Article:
4th Jul '16 10:50:25 AM DrImpossible
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** Almost let said Nazi get away with the SuperSerum that created him, just to save that child from drowning. Subverted when the child yells, "I can swim! Go get 'im!"

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** Almost let said Nazi get away with the SuperSerum that created him, just to save that child from drowning. Subverted when Luckily the child yells, "I can swim! Go get 'im!"
4th Jul '16 10:49:11 AM DrImpossible
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* ''Comicbook/{{Shazam}}:'' Captain Marvel and the Marvel Family also exhibited this trope. After the character was bought by DC Comics and folded into the DCUniverse, he became a more extreme version of this to even Superman. The best way to sum it up is that unlike Captain Marvel, Superman had the added pressure of being the world's most famous and most beloved superhero. People looked up to him and always came to him for help, and thus he had more incentive to find a solution--''any'' solution. Captain Marvel, on the other hand, did what he felt was right no matter what, even if it meant risking complete failure.

to:

* ''Comicbook/{{Shazam}}:'' [[Comicbook/{{Shazam}} Captain Marvel and the Marvel Family Family]] also exhibited this trope. After the character was bought by DC Comics and folded into the DCUniverse, he became a more extreme version of this to even Superman. The best way to sum it up is that unlike Captain Marvel, Superman had the added pressure of being the world's most famous and most beloved superhero. People looked up to him and always came to him for help, and thus he had more incentive to find a solution--''any'' solution. Captain Marvel, on the other hand, did what he felt was right no matter what, even if it meant risking complete failure.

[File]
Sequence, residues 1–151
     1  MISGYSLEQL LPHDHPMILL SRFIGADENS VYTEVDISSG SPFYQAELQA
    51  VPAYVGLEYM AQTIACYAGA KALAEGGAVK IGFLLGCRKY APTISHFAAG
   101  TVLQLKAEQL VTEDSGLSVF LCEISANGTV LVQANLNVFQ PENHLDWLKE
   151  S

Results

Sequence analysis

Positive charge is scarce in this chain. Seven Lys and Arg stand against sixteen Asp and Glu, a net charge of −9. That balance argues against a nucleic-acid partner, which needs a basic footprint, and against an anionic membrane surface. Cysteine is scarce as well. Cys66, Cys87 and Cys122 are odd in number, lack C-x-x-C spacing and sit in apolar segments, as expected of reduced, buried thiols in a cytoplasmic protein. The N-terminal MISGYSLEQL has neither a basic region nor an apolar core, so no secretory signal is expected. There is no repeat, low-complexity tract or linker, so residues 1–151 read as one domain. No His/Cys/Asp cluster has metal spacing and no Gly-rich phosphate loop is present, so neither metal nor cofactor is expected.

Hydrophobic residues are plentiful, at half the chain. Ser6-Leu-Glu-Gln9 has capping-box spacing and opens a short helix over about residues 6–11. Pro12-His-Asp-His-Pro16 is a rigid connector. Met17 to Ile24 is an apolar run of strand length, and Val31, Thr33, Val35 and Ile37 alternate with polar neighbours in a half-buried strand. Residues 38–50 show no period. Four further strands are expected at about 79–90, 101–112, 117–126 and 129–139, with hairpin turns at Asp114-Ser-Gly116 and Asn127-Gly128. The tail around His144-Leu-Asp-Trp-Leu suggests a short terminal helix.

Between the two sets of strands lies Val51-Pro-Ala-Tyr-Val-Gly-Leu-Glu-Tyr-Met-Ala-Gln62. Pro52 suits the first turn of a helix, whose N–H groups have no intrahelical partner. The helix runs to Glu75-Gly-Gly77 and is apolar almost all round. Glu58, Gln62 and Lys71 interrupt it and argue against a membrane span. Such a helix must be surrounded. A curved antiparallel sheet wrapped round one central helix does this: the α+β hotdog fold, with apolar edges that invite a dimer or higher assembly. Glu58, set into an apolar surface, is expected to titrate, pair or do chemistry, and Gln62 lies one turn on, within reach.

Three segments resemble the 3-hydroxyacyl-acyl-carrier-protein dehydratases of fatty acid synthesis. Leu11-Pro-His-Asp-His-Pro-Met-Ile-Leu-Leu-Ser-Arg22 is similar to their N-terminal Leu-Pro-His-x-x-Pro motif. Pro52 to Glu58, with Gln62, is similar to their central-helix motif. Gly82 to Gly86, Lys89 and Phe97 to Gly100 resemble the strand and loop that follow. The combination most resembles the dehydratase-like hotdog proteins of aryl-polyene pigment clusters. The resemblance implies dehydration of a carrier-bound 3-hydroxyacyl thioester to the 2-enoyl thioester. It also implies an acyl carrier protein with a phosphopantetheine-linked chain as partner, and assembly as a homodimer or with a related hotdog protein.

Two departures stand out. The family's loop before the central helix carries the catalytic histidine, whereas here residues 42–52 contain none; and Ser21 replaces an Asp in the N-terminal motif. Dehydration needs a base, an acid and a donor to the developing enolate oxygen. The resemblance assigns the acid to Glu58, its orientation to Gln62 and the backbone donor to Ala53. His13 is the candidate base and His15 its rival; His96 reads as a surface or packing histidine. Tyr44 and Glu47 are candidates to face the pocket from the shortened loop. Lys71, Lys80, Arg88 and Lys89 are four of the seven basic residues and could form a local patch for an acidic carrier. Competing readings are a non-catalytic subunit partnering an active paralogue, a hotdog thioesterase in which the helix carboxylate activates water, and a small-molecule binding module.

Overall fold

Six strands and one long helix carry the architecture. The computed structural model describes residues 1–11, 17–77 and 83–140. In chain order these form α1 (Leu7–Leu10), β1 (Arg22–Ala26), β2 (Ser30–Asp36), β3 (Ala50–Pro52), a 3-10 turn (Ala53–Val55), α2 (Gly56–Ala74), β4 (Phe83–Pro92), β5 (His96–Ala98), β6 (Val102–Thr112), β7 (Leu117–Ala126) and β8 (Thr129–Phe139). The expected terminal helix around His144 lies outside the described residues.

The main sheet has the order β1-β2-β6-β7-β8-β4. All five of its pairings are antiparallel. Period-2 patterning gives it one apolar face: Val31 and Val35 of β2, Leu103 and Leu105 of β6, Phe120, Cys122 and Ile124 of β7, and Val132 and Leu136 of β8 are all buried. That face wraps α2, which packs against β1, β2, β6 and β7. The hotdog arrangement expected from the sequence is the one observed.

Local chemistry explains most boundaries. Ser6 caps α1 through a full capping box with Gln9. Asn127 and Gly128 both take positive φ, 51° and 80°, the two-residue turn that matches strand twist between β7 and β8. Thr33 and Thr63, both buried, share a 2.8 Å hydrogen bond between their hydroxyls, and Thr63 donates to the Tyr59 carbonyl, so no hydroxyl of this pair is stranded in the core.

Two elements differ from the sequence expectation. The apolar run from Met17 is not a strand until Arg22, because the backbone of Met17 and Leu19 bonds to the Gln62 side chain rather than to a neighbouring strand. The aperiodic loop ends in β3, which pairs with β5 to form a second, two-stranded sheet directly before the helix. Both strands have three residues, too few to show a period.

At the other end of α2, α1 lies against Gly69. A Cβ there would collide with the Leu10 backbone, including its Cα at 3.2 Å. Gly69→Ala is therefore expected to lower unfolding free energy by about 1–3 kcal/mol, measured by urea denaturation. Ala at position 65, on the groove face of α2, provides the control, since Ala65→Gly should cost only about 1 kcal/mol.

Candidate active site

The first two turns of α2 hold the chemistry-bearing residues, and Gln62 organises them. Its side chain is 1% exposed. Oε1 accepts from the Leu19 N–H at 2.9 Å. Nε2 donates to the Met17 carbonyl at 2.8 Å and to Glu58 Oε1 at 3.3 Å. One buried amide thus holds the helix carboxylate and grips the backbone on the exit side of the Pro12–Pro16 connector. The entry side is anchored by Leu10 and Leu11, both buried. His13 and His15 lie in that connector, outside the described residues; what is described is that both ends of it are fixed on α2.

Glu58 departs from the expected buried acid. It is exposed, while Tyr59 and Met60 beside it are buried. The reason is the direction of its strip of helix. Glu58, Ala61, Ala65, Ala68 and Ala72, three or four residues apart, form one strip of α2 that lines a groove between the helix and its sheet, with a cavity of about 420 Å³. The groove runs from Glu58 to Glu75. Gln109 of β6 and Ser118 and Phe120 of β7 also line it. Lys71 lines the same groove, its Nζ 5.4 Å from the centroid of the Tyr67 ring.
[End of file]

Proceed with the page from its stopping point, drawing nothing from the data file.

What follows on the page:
* DC's [[{{Shazam}} Captain Marvel]] is most definitely this. He does his best to save as many people as he can, but doesn't impose his will on the world. He's seen the dangers of what happens when someone like Black Adam loses touch with their humanity and starts acting like a god. This was especially made evident in the animated WesternAnimation/SupermanShazamTheReturnOfBlackAdam . When Adam has a hostage, Cap is willing to turn back into his moral form if Adam will spare her life, knowing that doing so will mean his own death. Unfortunately, Adam tries to kill Billy and the hostage, but luckily Superman makes the save. Unluckily for Black Adam, [[BewareTheNiceOnes that also made Billy angry]]. [[NoHoldsBarredBeatdown It didn't end well for Adam]].